Mitsubishi’s Lancer Evolution MiEV (short for Mitsubishi In-wheel motor Electric Vehicle) could well be the quietest, quickest production car sprint ever.
This review was first published in MOTOR magazine's January 2007 issue.
With only the whir of electric motors and tyre noise audible, it scoots from standstill to 100km/h in under seven seconds and has a top speed of 185km/h. No, it’s not as quick as its petrol-slurping turbocharged brother, but that’s not the point.
The MiEV may look like a standard Evo with a WRC-spec wing and 20-inch BBS rims, but pop the bonnet or peek behind those wheels and you’ll soon realise that this is a very different beast.
For a start, concealed inside each of the four wheels is a powerful 50kW in-wheel permanent-magnet synchronous motor, for a total of 200kW. That undercuts the standard Evo’s power output by a whisker, but the figure we should be focusing on is the torque value; the MiEV generates a mind-blowing 518Nm. That’s just 2Nm less than a FPV GT!
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The second surprise is in the engine bay; it’s empty. Apart from a backpack-sized inverter mounted down low, and another in the boot, the engine room looks deserted. These inverters draw electric power from the 18 lithium-ion battery cells cleverly fitted under the floor and channel juice to the in-wheel motors, with the front inverter driving the fronts and the boot-mounted inverter powering the rears.
Mitsubishi has tried to balance the subtraction of the engine and drivetrain’s weight against the addition of the batteries and motors, but the stock Evo’s 1420kg still swelled to a hefty 1590kg.
The company does say, however, that it plans to reduce overall weight by as much as 100kg through downsizing batteries, magnets and motors, while maintaining current power levels. That will also help to improve the car’s range, which stands at just 250km on one charge. That’s about what you you get out of a regular Evo if you’re one for fanging around, though…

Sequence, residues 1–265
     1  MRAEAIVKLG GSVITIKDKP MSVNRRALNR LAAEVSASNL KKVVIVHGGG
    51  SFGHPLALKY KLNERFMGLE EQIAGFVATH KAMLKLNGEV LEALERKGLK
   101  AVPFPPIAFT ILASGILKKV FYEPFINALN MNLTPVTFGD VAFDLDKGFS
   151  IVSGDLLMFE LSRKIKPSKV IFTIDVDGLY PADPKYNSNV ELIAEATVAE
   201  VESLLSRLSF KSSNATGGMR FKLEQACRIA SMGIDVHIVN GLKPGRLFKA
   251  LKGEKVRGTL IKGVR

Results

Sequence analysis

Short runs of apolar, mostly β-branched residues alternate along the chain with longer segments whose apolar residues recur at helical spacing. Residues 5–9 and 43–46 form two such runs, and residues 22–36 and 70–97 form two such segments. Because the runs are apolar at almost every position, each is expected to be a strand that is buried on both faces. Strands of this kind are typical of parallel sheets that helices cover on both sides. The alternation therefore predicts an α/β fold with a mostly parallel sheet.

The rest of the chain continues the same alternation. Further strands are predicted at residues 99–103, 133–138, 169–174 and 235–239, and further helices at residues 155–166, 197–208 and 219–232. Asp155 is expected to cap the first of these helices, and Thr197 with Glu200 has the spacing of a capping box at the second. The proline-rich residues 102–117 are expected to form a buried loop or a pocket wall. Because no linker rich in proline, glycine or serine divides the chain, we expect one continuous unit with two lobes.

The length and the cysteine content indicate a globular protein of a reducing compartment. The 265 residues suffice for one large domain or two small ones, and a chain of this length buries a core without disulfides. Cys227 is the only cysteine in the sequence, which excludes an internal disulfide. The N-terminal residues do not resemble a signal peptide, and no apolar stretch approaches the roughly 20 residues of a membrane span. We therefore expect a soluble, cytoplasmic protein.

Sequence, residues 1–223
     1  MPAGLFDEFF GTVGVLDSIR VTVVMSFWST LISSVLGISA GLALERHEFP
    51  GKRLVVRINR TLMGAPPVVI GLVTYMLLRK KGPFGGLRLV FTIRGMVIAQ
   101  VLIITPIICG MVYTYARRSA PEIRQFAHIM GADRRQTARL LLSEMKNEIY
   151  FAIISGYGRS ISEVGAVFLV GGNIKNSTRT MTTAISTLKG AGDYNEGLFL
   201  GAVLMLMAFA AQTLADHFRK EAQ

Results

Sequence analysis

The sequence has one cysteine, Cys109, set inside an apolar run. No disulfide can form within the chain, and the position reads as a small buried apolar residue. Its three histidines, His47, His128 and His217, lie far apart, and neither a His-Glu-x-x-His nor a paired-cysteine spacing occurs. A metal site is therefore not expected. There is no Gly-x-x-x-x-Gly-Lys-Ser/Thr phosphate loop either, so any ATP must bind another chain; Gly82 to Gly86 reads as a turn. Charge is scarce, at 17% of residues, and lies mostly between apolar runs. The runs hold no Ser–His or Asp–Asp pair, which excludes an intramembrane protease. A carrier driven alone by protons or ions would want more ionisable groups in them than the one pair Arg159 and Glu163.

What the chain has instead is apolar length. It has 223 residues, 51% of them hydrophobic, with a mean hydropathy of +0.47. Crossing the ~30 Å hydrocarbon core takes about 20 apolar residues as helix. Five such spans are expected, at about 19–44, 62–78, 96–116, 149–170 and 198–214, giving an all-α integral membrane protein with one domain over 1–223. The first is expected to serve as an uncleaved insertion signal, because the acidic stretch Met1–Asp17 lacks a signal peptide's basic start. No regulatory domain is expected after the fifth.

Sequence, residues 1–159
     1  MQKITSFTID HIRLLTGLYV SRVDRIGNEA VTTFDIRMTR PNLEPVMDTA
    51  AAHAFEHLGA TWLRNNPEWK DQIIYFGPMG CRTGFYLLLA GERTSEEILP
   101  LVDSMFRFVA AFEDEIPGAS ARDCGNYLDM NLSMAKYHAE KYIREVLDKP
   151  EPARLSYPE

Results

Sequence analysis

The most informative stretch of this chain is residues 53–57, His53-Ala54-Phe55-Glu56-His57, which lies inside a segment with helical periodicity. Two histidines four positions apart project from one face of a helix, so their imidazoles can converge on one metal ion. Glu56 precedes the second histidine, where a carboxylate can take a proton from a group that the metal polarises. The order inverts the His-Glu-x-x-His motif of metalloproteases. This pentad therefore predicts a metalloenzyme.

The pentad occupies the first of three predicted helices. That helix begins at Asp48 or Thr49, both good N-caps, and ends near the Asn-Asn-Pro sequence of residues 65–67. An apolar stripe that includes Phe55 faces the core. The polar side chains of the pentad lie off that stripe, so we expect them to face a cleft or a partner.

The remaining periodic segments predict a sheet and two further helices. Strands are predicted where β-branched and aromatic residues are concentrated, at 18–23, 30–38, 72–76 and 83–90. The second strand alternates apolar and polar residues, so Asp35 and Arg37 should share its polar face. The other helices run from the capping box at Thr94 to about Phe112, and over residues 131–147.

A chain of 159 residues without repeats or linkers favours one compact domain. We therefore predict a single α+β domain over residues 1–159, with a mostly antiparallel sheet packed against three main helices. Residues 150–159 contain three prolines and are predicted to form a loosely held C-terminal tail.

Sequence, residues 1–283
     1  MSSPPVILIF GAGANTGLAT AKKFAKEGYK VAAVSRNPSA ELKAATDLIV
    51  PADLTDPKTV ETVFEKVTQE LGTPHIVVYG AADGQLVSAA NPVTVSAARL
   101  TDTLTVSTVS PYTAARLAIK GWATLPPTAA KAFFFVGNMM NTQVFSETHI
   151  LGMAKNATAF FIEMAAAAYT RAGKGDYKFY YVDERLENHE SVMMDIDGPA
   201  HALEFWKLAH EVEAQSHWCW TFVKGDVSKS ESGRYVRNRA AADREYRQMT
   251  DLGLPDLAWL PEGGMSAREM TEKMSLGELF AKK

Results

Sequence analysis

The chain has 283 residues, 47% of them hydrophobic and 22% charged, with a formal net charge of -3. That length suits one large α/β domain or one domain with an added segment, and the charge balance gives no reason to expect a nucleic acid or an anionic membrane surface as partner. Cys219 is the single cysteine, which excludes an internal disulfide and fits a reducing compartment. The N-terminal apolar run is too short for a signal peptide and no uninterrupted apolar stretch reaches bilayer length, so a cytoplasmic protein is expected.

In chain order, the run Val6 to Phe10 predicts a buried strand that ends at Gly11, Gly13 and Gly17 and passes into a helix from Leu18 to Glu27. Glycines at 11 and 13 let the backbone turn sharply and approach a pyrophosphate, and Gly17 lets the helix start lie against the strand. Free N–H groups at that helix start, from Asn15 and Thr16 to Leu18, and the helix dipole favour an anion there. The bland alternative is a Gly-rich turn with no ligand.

But on the road, the extra weight is barely noticeable thanks to the hefty helpings of torque on tap. Steering was light but responsive, and the throttle was heavy but progressive, boasting instant, effortless acceleration.
There is no transmission loss with electric cars, just lightning fast throttle response; it, along the lack of noise, really takes a while to get used to. The ride is harsh, thanks to the low-profile 20-inch Dunlop SP Sport Maxx rubber.
“The trade-off between size and power is our biggest challenge,” says MIEV engineer Kenichi Tsutsumi. “To reduce the tyre size (thus improving ride quality) is desirable, but that would mean decreasing the size and power of the in-wheel motors. To generate current power levels from smaller motors is our end goal.”
Sadly, the Evo’s masterful AWD technology and tricky ACD and Super-AYC traction control systems haven’t been translated to the electric car. “That comes later,” said Tsutsumi.
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While this electric technology will be fitted to an all-new Evo within four to five years, we can expect to see a smaller version of Mitsubishi’s first production electric car in the form of the i-MiEV, slated to go into production by 2008. It will employ one inverter powering rear-mounted in-wheel motors. Expect the MiEV to be ready for the road sometime in 2010.
With the breathtaking speed that this technology is hurtling along at, along with the obvious advantages that electric power provides (huge torque, instant response and no emissions), the Evo MiEV could be the start of something very special.
Fast Facts - 2007 Mitsubishi Evo MiEV
ENGINE: Four in-wheel electric motors, twin inverters, Li-ion batteries
0-100km/h: sub 7 seconds (claimed)
TOP SPEED: 185km/h
LIKE: A startling peek into a green high performance future.
DISLIKE: Limited range at present, and will need to lose weight
RATING: 3.5 out of 5 stars